The narrative has already launched. As fans waited for Manny Machado and Bryce Harper to (finally) sign somewhere, DJ LeMahieu‘s signing became almost an afterthought. Make no mistake, the former Rockie has been absolutely critical to a Yankee team scuffed by injuries and bad starting pitching. By Fangraphs WAR, he’s been the Yankees best player and he leads the AL in batting average. His flexibility throughout the infield has eased the burden on manager Aaron Boone, too.
Time and again, LeMahieu has come through with big hits in big moments. Last weekend, he battered Chris Sale like a speedbag, earning “MVP” chants from a delirious Yankee Stadium crowd. There’s a thrill in watching LeMahieu, no doubt. Yankee offenses tend to be dominated by low average, high on-base and slugging types; think Luke Voit or Jason Giambi. Yes, I know, Derek Jeter and Robinson Cano had great contact skills, but those two and LeMahieu tend to be the exception. (Tend. Not always.)
So to see LeMahieu consistently put the ball in play — a double to the gap here, a seeing-eye single there — is refreshing, even more so in 2019 baseball, where the game has skewed so heavily toward three true outcomes baseball. It’s the best way to score runs, yes, but cosmetically it can be a bit daunting. LeMahieu is a breath of fresh air. He slaps the ball around the park, driving pretty good OBPs by his contact skills.
He’s flat out good. I don’t think his 2019 is flukey, even considering the inherent randomness of lots of balls in play. He’s done this before. LeMahieu is a smart hitter who can force pitchers into awkward situations; it’s hard to pitch him. His heatmap tells the story:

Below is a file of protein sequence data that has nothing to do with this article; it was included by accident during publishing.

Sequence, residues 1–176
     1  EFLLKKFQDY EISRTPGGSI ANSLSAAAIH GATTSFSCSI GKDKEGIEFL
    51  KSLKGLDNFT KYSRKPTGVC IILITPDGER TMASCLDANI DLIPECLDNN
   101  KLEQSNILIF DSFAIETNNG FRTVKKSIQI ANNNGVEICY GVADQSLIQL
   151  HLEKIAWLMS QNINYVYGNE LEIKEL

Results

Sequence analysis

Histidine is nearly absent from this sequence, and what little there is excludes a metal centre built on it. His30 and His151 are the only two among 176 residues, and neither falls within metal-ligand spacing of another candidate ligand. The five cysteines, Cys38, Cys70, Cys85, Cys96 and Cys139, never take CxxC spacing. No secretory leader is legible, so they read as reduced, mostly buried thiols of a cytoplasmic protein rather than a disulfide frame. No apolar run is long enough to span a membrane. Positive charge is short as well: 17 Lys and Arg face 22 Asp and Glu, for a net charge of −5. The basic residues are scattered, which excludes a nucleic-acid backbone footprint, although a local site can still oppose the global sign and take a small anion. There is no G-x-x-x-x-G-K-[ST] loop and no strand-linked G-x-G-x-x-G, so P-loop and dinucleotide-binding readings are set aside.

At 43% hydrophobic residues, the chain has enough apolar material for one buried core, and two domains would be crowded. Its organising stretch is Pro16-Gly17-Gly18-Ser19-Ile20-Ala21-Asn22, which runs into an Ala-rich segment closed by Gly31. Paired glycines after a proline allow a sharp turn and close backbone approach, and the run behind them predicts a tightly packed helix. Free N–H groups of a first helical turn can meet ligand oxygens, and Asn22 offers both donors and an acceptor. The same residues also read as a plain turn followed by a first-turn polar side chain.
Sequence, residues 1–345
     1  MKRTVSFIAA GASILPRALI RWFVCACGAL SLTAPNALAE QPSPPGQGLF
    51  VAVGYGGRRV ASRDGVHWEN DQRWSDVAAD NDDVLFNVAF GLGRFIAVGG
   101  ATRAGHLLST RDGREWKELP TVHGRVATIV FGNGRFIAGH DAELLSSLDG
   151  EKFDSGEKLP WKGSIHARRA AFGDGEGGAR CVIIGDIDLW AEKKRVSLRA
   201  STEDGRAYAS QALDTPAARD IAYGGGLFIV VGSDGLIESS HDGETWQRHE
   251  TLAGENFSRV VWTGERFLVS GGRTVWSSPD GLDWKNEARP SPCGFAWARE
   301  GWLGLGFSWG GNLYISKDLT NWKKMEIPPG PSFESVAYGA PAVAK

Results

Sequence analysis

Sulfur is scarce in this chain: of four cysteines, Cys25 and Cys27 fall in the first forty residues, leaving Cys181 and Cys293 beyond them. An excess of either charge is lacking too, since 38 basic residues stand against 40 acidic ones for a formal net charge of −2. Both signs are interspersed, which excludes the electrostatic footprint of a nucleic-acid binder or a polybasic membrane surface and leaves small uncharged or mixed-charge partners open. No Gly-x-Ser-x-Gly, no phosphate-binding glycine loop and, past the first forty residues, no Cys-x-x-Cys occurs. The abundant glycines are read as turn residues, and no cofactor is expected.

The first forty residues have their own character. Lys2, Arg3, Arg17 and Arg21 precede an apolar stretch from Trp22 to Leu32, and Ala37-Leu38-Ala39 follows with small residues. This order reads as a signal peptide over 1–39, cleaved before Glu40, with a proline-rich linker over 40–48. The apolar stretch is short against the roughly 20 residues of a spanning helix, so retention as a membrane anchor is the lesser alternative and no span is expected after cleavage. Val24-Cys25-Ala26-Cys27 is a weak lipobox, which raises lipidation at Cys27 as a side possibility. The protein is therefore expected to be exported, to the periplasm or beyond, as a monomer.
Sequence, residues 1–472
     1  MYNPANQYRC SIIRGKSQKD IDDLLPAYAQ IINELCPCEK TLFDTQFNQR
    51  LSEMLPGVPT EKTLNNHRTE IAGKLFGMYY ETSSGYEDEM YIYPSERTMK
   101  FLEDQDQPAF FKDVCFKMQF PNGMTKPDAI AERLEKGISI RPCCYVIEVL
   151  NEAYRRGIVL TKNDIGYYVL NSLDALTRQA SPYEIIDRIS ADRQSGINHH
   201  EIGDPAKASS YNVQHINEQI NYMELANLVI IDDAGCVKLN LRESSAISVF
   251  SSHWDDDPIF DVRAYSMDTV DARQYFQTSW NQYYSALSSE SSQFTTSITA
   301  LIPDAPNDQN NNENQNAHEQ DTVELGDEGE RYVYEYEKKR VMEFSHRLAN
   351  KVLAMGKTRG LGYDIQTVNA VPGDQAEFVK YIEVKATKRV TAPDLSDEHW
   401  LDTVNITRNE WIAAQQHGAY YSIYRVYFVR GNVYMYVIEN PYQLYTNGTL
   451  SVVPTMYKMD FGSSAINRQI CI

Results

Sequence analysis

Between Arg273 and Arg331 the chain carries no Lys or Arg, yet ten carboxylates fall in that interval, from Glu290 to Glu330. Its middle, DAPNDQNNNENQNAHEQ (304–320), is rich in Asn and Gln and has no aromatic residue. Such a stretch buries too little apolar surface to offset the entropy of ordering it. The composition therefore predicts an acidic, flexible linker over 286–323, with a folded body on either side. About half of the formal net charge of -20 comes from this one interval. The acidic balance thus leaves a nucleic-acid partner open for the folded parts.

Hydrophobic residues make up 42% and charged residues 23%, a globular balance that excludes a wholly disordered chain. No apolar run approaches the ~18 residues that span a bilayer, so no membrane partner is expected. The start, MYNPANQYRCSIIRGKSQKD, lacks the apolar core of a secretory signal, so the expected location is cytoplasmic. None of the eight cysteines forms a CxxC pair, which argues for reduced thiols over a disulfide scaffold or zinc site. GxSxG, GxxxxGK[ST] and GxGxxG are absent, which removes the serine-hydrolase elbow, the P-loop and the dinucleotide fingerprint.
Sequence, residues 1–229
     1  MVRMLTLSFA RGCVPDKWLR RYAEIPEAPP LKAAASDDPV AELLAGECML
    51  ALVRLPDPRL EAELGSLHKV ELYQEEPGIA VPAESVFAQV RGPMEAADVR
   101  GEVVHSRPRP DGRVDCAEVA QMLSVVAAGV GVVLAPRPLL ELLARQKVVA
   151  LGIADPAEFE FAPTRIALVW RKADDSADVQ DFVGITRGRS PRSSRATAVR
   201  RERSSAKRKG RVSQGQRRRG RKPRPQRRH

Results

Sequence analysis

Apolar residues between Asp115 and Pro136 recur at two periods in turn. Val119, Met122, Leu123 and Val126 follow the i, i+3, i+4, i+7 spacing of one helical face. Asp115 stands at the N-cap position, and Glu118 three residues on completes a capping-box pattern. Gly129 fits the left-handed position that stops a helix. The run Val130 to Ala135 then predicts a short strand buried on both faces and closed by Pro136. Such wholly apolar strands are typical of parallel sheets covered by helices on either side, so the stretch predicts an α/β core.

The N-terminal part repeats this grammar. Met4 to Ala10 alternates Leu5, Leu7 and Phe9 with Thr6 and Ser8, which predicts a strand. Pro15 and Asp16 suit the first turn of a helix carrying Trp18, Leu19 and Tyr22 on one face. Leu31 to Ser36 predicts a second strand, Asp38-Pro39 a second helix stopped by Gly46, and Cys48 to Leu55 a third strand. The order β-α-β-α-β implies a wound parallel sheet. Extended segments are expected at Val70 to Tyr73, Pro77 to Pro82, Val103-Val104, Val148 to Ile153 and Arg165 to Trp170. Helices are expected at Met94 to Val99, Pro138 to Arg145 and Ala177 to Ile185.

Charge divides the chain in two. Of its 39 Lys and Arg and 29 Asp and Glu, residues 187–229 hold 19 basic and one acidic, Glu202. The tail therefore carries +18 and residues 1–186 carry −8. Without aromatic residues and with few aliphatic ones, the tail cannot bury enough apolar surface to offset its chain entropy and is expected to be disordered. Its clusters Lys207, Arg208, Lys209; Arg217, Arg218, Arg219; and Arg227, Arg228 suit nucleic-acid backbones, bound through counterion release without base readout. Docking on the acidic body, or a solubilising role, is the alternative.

Throw it over the plate and LeMahieu is probably turning it into a single. In a league full of whiffs and punchouts, LeMahieu is a hard-hitting contact machine. His average exit velocity is 21st in baseball; his expected batting average is in the top two percent. Dude flat out hits. Pitchers throw him fastballs almost two-thirds of the time; don’t ask me why, because he mashes them (.333 average, .386 xwOBA).
On a team full of walking sluggers, LeMahieu provides a spark. He’s been better than expected and the most valuable Yankee. Quite a feat for a team that could end up with the best record in the American League.
But, is he a worthy candidate for AL MVP?
Nah. I can’t in good conscience suggest LeMahieu has any business winning the award over Mike Trout, who is in the midst of one of the better Mike Trout seasons. That’s kind of like saying the Mona Lisa was one of Di Vinci’s best paintings. Trout’s excellence is so above the world, that we get excited when players pop into his orbit temporarily; Miguel Cabrera and Josh Donaldson and Mookie Betts, for example.
The Angels centerfielder is hitting .299/.440/.672; his wRC+ is an absurd 186; it’s Aug. 7 and he’s almost an eight-win player by fWAR. There’s no debate here. However, that doesn’t take away from LeMahieu at all. Everyone’s short compared to Mount Olympus. LeMahieu has been essential to a Yankee club that’s had to grind its way through a wait-you-can’t-really-be-serious list of injuries. His skill set fits the club like a glove and his timely hitting sure seems to have staved off slumps.
Is he a serious AL MVP contender? Not to me, no. But that doesn’t mean he hasn’t been fantastic.